Guest Host and Shop Tour with Travis Comfort, Rick's Automotive, Springfield, MO. Take a tour of this 28,000-square-foot campus.
Travis Comfort, Vice President, Rick's Automotive, Springfield, MO.
Key Talking Points
28,000 square feet: 40 employees, 7 service advisors and service director, parts person, 22 technicians, 28 bays. Average 1400 vehicles a month. First building 1988, fleet 2000, quick service 2012 The second generation- Travis has B.A. in business, and married Rick’s youngest daughter. Worked his way up from cleaning the bays to now Vice President. Local technical college- works directly with the automotive department Has a dedicated lube bay- has two techs from high school A building- diagnostics, B building- fleet, C building- quick service Gives the parts suppliers a map of the building “Known to eat off the shop floor”
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Dorman gives people greater freedom to fix vehicles by constantly developing new repair solutions that put owners and technicians first. Take the Dorman Virtual Tour at www.DormanProducts.com/Tour
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By Joe Marconi
From what I am hearing from my fellow shop owner friends, the shops in my area, Northeast (New York), auto repair shops are busy and steady. However, there is a feeling from many shop owners to be cautious about the future.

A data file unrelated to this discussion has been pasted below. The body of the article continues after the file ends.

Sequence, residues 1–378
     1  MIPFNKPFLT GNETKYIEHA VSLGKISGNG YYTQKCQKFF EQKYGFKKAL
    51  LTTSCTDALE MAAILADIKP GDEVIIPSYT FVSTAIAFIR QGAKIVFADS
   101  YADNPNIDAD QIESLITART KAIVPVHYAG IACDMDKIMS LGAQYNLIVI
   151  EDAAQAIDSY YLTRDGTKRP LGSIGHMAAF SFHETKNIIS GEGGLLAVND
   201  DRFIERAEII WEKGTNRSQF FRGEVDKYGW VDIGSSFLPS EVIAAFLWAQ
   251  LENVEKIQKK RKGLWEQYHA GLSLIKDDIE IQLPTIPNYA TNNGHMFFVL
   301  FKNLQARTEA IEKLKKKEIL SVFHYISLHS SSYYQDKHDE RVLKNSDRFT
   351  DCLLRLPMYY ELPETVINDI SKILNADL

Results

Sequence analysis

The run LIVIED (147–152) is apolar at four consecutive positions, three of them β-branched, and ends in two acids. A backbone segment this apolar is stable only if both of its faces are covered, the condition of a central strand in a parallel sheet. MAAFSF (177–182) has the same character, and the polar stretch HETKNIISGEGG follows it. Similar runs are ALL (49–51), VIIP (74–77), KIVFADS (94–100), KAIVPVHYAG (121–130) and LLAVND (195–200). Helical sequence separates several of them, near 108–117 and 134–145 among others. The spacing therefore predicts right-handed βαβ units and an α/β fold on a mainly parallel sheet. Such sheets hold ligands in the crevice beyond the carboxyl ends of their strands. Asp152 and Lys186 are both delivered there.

Things that give shop owners concern: Inflation, the cost of living affecting the consumer's ability to afford auto repairs, dissatisfaction with the current administration, and possible recession.
By Joe Marconi
Here is an excerpt from a report from Lang Marketing: Read and enjoy!
Six Major Takeaways
Lang Marketing expects that new car and light truck volume will remain in low gear from 2020 through 2023 compared to the previous four years (2016 through 2019). Lower new vehicle annual volume will trigger five significant aftermarket changes that will boost the volume of aftermarket products from 2022 through 2030. By increasing used vehicle prices and shifting miles to older vehicles, lower new vehicle sales will boost aftermarket product volume through 2030. An increase in the average age of vehicles and more older vehicles on the road, both resulting from lower new vehicle sales, will provide a tailwind for aftermarket product growth. Although there will be fewer vehicles in the repair-age sweet-spot between 2026 and 2030, this will create a mileage shift to older vehicles and an increase in the upper age boundary of the repair-age sweet-spot, which will be positive for aftermarket product growth Lower new vehicle sales will slow the growth of Electric Vehicles on the road, increasing the use of ICE vehicles and pumping up their aftermarket product volume. Source:
Lang Marketing Resources, Automotive Aftermarket Consulting, Research and Analysis
By Transmission Repair